If you’re a yeller, first off, there’s nothing wrong with you.
Yelling is a sign that your boundaries are being crossed.
If you want to yell less, you do not need to be more patient. You do not need to better, or kinder, or less irritable.
You just need to become aware more quickly when your boundaries are being crossed and act proactively to protect yourself.
Let’s say your preschooler is singing a really annoying song, over and over again. Loudly.
The script many of us have playing in our heads isn’t that we “shouldn’t” be annoyed by this. We should be more patient, more understanding. We should enjoy the sound of her sweet lilting voice.
This is where the problem lies. Your negative judgment of yourself.
The fact is that you are annoyed by her singing. Even if you wish you weren’t.
Here’s where you can make a change. Offer compassion to yourself and allow that it is annoying to you. And act accordingly. Now.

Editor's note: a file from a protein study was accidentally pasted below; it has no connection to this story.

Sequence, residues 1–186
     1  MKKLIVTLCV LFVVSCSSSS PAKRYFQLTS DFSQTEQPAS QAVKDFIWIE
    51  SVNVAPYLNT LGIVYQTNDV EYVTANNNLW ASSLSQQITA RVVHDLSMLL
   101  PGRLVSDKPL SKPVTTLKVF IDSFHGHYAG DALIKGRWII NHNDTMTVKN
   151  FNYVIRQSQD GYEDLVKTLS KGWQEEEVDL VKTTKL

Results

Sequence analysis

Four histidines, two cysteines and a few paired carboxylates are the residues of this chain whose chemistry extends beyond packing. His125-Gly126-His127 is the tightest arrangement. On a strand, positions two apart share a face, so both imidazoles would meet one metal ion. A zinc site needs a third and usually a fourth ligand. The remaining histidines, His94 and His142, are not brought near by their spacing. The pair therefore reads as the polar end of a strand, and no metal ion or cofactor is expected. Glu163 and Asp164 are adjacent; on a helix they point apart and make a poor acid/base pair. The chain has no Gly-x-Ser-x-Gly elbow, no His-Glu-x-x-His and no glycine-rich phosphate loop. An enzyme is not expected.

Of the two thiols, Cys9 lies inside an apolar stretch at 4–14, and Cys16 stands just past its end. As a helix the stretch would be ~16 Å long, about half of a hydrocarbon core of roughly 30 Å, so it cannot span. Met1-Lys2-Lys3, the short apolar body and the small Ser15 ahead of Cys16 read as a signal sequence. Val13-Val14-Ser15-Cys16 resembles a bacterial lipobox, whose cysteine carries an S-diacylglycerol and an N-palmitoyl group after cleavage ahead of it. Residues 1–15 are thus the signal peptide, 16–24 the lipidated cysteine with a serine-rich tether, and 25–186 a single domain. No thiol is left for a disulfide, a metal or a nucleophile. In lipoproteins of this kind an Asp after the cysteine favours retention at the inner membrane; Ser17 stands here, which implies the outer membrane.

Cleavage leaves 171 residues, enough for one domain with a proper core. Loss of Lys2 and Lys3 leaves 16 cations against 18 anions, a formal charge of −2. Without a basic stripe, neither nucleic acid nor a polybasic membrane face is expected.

Make a request, calmly – “honey, could you either not sing or go into the other room to sing?” – and you won’t explode. (And if you preschooler decides they are not interested in honoring your request, you can “help” them by physically moving them to another room, again, before boiling over.)
What typically happens is you stuff down the annoyance of the singing and then yell ten minutes later about something unrelated. Leaving your family bewildered at your unexpected explosion.
Yelling less doesn’t mean more patience with your child. It means having more compassion for yourself when you first start noticing your annoyance start to flare, while you still have control.
Want to stop yelling? Schedule a complimentary life coaching session (scroll down past sleep coaching to life coaching) and experience how easy it can be.
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Abby Wolfson is a pediatric nurse practitioner, certified child sleep consultant and certified life coach for parents. She divides her time between Brooklyn, NY and San Miguel de Allende, Mexico.